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By Barry Rubin

It seems to have become fashionable for some mainstream media outlets to become supporters of revolutionary Islamist movements recently. The Palestine papers case is an example but not the only one.

The pro-Hizballah Lebanon correspondent of the New York Times first told us that Hizballah wasn’t a threat to take over the government, then had to report on its taking over the government.

What’s his new line? That the new government is just fine. After all, he explains, the new prime minister wants to have good relations with the United States. Etc. No problem here. Just as there were no problems when Iran had an Islamist revolution, the Taliban took over Afghanistan, and Hamas seized the Gaza Strip.

I just love the headline: “Next Premier of Lebanon Tries to Set His Own Course.” So all those who believe the newspaper will not think that he’s just a puppet of Iran, Syria, and Hizballah. Unfortunately, he is.

Remember when we were told that sending a U.S. ambassador to Syria was not a reward but just a way to communicate better? Communicate what?

The new ambassador explains that this move is: “Proof that we are committed to try and solve the problems between our governments.” In his talks with the Syrian president, they discussed, “Some areas in which we hope to identify mutual interests and ways of addressing them that serve the interests of both of our countries.”

In other words, though he might well have been tougher in private (I doubt it but it is possible) the signal being sent is: Do whatever you want because we are continuing the soft line toward Syria.

The fact that this happened in the same week that Syria for all practical purposes took control of Lebanon is rather pointed, isn’t it?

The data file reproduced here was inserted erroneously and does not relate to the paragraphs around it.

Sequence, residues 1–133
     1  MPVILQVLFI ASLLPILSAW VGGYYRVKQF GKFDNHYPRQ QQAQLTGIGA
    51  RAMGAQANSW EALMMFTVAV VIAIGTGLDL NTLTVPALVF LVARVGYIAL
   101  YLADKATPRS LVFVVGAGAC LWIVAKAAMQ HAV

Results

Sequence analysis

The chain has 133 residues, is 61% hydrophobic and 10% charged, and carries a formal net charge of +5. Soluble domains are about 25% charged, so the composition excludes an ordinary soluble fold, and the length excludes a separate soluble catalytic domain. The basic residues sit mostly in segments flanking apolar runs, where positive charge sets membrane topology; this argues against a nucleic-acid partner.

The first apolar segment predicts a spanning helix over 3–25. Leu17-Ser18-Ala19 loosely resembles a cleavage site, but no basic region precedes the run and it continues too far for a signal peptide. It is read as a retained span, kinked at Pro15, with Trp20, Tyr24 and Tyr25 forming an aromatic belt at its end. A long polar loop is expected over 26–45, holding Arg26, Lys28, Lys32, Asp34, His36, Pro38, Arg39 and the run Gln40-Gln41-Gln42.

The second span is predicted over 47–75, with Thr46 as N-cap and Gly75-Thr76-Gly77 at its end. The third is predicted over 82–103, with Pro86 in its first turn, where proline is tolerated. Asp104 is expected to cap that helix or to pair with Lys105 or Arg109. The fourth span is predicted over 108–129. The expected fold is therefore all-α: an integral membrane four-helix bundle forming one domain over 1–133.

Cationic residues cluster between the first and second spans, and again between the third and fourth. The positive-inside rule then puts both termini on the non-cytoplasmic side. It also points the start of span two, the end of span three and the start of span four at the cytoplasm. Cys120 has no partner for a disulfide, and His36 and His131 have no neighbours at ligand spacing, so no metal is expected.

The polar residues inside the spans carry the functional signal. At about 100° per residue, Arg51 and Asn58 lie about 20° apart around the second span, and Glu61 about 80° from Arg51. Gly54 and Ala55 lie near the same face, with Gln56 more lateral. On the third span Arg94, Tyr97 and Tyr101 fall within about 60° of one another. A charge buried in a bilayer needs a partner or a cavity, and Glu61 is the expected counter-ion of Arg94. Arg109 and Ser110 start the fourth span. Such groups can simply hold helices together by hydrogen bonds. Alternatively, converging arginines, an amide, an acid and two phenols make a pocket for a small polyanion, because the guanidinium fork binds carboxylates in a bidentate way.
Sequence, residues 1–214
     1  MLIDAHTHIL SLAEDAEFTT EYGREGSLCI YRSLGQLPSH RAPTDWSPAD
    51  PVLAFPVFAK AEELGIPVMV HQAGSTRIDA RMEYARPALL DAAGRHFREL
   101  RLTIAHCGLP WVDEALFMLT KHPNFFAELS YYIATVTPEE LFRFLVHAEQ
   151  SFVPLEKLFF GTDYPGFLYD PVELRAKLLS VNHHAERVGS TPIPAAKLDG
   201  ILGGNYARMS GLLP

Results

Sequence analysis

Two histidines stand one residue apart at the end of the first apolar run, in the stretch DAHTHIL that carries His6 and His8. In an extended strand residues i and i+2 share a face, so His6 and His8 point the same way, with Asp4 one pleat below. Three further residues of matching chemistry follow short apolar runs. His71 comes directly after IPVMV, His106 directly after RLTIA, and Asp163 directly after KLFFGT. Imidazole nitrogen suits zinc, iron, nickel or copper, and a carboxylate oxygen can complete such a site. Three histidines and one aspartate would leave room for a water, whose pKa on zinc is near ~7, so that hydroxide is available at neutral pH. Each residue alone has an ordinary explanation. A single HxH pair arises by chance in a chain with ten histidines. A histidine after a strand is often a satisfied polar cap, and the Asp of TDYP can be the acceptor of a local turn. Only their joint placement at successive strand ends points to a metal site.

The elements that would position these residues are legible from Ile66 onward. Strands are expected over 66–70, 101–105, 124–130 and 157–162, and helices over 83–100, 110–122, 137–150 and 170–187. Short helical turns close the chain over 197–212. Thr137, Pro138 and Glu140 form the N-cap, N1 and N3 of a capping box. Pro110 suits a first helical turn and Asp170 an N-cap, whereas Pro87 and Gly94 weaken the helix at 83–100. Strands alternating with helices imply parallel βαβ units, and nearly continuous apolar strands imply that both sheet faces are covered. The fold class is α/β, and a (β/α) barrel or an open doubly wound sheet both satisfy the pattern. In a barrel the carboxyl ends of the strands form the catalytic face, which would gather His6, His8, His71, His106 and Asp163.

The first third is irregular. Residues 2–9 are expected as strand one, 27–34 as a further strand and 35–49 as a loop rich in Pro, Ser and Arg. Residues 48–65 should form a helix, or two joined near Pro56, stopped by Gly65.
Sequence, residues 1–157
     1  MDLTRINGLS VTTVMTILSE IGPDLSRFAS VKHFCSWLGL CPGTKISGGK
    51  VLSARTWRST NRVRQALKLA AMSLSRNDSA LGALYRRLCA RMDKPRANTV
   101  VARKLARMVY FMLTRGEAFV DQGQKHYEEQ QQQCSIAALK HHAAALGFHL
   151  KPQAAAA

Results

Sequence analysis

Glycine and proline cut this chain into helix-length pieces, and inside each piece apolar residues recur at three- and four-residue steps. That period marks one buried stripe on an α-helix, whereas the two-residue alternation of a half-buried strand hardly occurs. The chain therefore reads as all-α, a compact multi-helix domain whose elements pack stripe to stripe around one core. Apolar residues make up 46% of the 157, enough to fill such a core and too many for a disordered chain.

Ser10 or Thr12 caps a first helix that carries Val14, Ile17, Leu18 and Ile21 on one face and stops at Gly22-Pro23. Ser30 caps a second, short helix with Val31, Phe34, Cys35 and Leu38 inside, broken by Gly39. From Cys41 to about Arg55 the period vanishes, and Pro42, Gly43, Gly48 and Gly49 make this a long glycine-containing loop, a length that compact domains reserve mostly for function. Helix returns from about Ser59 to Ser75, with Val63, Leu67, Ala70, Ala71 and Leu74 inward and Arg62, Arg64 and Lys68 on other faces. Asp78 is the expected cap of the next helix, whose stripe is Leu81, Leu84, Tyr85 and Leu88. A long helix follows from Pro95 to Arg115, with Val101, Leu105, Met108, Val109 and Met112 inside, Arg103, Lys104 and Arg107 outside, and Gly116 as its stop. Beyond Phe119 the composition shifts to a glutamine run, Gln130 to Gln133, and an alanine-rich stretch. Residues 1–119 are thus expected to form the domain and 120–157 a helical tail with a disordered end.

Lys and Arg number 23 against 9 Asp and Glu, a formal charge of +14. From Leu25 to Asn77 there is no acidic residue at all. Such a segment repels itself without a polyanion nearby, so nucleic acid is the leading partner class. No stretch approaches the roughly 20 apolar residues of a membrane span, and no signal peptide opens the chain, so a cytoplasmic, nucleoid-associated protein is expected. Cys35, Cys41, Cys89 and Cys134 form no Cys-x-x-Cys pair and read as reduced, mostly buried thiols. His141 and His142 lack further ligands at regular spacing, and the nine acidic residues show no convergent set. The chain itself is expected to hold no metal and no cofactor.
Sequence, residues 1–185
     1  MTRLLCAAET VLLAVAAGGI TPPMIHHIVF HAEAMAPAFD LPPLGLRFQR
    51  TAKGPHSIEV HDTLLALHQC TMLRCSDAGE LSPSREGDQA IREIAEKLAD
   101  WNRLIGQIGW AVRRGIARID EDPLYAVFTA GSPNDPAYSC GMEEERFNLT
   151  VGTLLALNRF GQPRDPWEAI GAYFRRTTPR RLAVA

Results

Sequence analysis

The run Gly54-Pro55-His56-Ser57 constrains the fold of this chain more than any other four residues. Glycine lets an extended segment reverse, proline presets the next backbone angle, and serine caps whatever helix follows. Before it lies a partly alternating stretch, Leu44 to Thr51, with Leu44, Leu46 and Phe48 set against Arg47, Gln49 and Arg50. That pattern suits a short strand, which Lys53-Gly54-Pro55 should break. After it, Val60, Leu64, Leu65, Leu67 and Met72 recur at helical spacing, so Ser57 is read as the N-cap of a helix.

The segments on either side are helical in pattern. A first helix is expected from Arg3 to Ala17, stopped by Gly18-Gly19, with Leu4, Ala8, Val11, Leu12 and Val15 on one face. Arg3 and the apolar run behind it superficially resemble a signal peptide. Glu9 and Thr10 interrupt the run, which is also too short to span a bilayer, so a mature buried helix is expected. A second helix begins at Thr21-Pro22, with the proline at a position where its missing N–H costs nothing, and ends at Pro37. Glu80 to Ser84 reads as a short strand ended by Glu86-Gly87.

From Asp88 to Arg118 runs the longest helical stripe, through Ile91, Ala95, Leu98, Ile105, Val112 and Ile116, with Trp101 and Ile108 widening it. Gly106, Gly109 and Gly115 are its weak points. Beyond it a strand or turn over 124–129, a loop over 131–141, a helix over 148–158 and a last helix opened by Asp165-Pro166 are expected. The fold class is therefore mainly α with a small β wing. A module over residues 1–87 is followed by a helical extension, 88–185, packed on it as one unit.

Finally, I cite this AP article not because it contains new information but it is a rare example of something that actually reveals the key issue.

’ From the Afghan badlands to the Mediterranean, evidence of Iran’s reach is easy to spot: a mix of friend and foe for Kabul leaders, a power broker in Iraq, deep alliances with Syria and a big brother to Lebanon’s Hezbollah and Hamas in Gaza.”

Well, if it is so easy to spot why has it been so difficult for Western media, academics, and government to recognize that this (combined with the revolutionary Islamist challenge generally) is the main issue facing the Middle East?

Here’s the core paragraph:

“To those keeping score, it would appear that Iran is winning some important points around the Middle East at the expense of Washington and its allies.”

I think I’ve been saying this for several years.

But of course one can’t have everything so it tempers that analysis by adding:

“But such gains have potential built-in costs, experts say. With Iran’s extended family increasingly joining the ranks of power — first in Gaza, then Iraq and now Lebanon — there also comes pressure to moderate and make other compromises often required from those in charge.

“It eventually could bring some uncomfortable contrasts for Tehran — with its partners in the region embracing more flexible policies and Iran facing more sanctions and isolation for refusing to make concessions over its nuclear program.”

Now consider the anti-logic of that argument. Faced with the “moderation” and “compromises” of Hamas, Hizballah, Syria, and the hardest-line groups in Iraq, Iran will have to become moderate? And that will be the effect of sanctions and isolation? Are you kidding me?

Or to put this worst way of thinking a better way, we are supposed to believe that the more Iran expands and the stronger its influence gets, the less dangerous it is going to be. See, now you understand geopolitics!

A better way to spend your time is figuring out how to deal with Iran’s string of victories—and there are more in the offing—rather than declare that the problem will naturally be solved by the moderation of revolutionary terrorist movements intent on imposing a ruthless repressive regime on millions of people, expelling Christians, killing Jews, and chasing Western influence out of the region.

Barry Rubin is director of the Global Research in International Affairs (GLORIA) Center Middle East Review of International Affairs (MERIA) Journal. His latest books are Lebanon: Liberation, Conflict, and Crisis (Palgrave Macmillan), Conflict and Insurgency in the Contemporary Middle Eastand editor of the (seventh edition) (Viking-Penguin), The Israel-Arab Reader the paperback edition of The Truth About Syria(Palgrave-Macmillan), A Chronological History of Terrorism (Sharpe), and The Long War for Freedom: The Arab Struggle for Democracy in the Middle East (Wiley). 

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